We believe that the capital requirements for banks within the credit cycle should also be revisited, so that a monetary element of the capital adequacy calculations could be used to control credit in times of boom and expand it in times of contraction. In this way we could harness the energy of the credit cycle in a positive way and mitigate boom and bust. The Prime Minister used to boast that he had abolished boom and bust, but we now know that he knew only how to ride the crest of the wave in boom times and knew nothing about preparing the economy for a downturn. We are currently paying the price for that. That requires us to have some new thinking.

That brings me to my noble friend’s Bill, which genuinely does represent new thinking. The Bill recognises that the Brown-Darling guarantee of Northern Rock’s liabilities was an undesirable outcome of the bust phase and offers a way for the Government to escape from their guarantee to the banking system. However much the Government like to deny it, the practical impact of last September’s guarantees of Northern Rock is that they will be expected to stand behind retail deposits as a minimum in future. The Financial Services Compensation Scheme did not deal with the Northern Rock crisis and the Government had to go way beyond guaranteeing retail depositors as they progressed through their messy journey towards privatisation, de facto guaranteeing the whole of the liabilities of Northern Rock.

The Bill’s elegant solution is a new class of bank account, a safety deposit current account, which will always be preserved at the cash value at which it was created. My noble friend’s solution does not involve putting cash in safety deposit boxes, as the noble Lord, Lord Razzall, suggested. I am sure that my noble friend was mindful of the experience of the Central Bank of India, where an invasion of termites attacked safety deposit boxes in which Indians were accustomed to putting large amounts of bank notes. When customers turned up, the termites had had ’em.

The Bill proposes a new account which will be backed by an equivalent amount of cash, audited and inspected by the FSA. Owners of such accounts will get no interest because the bank cannot use the

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money to work within its balance sheet. They may incur fees and they will almost certainly lose value in real terms, but they will at least be able to sleep easy at night knowing that the nominal monetary value will remain safe. On the other hand, those who have an appetite for risk would be able to deposit money with banks on any other terms that banks offer and can earn a return on that money, but Clause 4 of the Bill says that these accounts will not be guaranteed by any authority. I am not sure that the use of the terms “any authority” and “public money” are unambiguous, and my noble friend might consider tightening the wording if this Bill proceeds to Committee.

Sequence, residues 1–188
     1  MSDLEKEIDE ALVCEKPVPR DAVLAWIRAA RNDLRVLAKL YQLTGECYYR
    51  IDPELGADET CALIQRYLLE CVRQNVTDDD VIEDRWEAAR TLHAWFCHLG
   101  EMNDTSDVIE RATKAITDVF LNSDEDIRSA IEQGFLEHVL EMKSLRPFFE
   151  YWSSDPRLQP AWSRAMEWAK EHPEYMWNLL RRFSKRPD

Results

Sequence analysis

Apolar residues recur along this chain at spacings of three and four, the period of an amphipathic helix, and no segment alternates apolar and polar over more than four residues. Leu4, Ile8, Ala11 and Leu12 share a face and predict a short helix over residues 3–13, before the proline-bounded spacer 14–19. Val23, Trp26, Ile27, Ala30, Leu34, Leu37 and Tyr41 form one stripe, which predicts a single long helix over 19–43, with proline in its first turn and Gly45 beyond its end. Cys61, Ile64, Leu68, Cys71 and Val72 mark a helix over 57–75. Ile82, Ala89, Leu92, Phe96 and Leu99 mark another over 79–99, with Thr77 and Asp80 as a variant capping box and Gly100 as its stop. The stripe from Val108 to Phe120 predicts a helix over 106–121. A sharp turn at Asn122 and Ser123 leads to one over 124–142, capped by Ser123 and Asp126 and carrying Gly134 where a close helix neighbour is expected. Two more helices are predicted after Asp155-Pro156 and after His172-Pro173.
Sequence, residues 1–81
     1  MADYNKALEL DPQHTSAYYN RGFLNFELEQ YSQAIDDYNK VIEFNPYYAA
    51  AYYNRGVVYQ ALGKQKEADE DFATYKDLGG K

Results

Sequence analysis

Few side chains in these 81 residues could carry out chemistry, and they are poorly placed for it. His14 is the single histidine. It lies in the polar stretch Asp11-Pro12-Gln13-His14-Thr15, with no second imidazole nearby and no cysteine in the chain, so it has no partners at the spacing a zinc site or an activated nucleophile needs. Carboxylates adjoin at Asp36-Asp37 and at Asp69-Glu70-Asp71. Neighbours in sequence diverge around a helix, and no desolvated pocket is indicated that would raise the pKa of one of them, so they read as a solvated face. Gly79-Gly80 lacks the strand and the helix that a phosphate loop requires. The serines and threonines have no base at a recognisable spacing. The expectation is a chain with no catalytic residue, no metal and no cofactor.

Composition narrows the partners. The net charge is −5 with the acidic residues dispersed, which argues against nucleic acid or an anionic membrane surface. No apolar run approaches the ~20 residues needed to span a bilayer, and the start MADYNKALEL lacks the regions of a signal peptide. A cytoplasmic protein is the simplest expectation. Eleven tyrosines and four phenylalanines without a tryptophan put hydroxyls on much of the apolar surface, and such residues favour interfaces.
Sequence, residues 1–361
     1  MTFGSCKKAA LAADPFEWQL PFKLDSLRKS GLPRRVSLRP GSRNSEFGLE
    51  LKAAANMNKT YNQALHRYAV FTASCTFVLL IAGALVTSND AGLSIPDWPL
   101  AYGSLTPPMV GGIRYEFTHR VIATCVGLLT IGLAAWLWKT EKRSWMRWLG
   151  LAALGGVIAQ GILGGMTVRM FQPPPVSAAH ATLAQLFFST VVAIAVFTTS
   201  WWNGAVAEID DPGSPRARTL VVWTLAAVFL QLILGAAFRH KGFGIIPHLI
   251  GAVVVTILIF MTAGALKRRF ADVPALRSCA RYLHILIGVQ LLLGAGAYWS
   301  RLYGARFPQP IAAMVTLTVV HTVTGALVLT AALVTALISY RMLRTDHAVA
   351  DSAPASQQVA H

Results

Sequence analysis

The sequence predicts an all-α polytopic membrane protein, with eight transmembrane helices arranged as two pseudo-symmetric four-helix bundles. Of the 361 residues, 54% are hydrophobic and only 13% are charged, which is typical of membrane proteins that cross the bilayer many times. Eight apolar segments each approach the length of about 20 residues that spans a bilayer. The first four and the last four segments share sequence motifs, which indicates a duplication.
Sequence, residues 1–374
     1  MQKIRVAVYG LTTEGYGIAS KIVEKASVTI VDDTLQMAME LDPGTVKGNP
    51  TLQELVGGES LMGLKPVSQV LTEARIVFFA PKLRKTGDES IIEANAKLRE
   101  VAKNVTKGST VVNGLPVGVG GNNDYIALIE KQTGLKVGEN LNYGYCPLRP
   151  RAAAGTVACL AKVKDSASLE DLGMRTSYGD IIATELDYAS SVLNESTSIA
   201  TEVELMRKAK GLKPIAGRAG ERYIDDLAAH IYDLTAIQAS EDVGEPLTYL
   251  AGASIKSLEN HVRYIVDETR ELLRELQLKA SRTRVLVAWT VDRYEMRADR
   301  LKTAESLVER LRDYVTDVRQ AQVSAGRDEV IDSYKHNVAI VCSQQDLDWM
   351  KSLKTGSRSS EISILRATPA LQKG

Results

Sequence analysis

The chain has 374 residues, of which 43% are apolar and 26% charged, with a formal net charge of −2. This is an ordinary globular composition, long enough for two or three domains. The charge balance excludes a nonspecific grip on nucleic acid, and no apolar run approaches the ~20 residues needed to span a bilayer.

I am not aware of any clamour among the public for safety deposit current accounts. However, given the Brown-Darling guarantee, there is unlikely to be much call for an unremunerated bank facility, if the Government already underwrite retail deposits. The bigger question is whether we should facilitate this by making it absolutely clear that public money will not bail out any other bank liabilities. I cannot myself see a banking industry which did not encourage return-seeking deposits. One problem facing our economy is the slump in the savings ratio and the fact that too few people have savings as opposed to debt. We need to encourage saving and, if that is to make a meaningful contribution to retirement incomes, the money has to seek a return. Of course, most of that investment will not be in bank deposit accounts but it would seem odd to steer people away from seeking a return when depositing cash as opposed to investing in other assets.

That of course means that I see the need for a robust compensation scheme for retail deposits. We await the outcome of the Government's review of the existing scheme. The Minister might like to talk about that today, and, in particular, whether they can come up with a scheme which deals with the fact that some of today's banks are so large that if they did fail they would overwhelm any industry-funded scheme. But, given the systemic risks of such a failure, it seems very difficult to do away with public support in all circumstances. I have doubts that the Government will be able to produce a scheme that extricates them from de facto underwriting retail deposits.

My noble friend has given us a lot to think about. I look forward to the Minister's response and, indeed, to later stages of the Bill if my noble friend chooses to take it forward.

10.30 am

Lord Davies of Oldham: My Lords, I welcome the opportunity to debate the issues the Bill raises. Lest noble Lords thought that as a Private Member's Bill it represented not much more than the extrication of a small pin from the ground, let me say that the pin contained in the Bill is more akin to the one in a hand grenade, as a rather loud explosion will go off if in fact the Bill ever becomes law.

I must say that I have a great deal of sympathy with the speech of the noble Lord, Lord Razzall, who indicated the implications of the Bill. I am not sure that I can follow the line that this is a fundamental

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onslaught on the concept of banking since the 14th or 15th century, but there are aspects of it that are not far off. That is why the Government look at the Bill not only with interest but with a certain anxiety about its implications, particularly as, as the noble Baroness has taken the appropriate opportunity to say, we are concerned about how we best support confidence in our banking system. In a few moments I will relate the Government's proposals in respect of this.